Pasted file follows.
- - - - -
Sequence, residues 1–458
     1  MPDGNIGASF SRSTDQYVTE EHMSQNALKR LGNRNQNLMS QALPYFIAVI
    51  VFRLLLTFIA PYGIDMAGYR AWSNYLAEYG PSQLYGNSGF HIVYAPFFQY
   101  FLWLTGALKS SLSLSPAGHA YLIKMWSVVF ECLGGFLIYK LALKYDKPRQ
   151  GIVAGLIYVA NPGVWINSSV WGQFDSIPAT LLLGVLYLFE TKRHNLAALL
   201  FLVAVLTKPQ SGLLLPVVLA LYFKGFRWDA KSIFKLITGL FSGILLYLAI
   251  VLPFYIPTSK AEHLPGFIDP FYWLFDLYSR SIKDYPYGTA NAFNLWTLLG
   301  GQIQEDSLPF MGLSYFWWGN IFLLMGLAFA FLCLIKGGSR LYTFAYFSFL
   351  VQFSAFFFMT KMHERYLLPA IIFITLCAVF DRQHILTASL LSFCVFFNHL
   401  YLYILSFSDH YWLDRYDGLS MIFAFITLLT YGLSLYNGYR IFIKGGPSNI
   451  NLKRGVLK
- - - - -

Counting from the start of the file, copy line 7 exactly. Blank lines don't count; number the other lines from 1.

   251  VLPFYIPTSK AEHLPGFIDP FYWLFDLYSR SIKDYPYGTA NAFNLWTLLG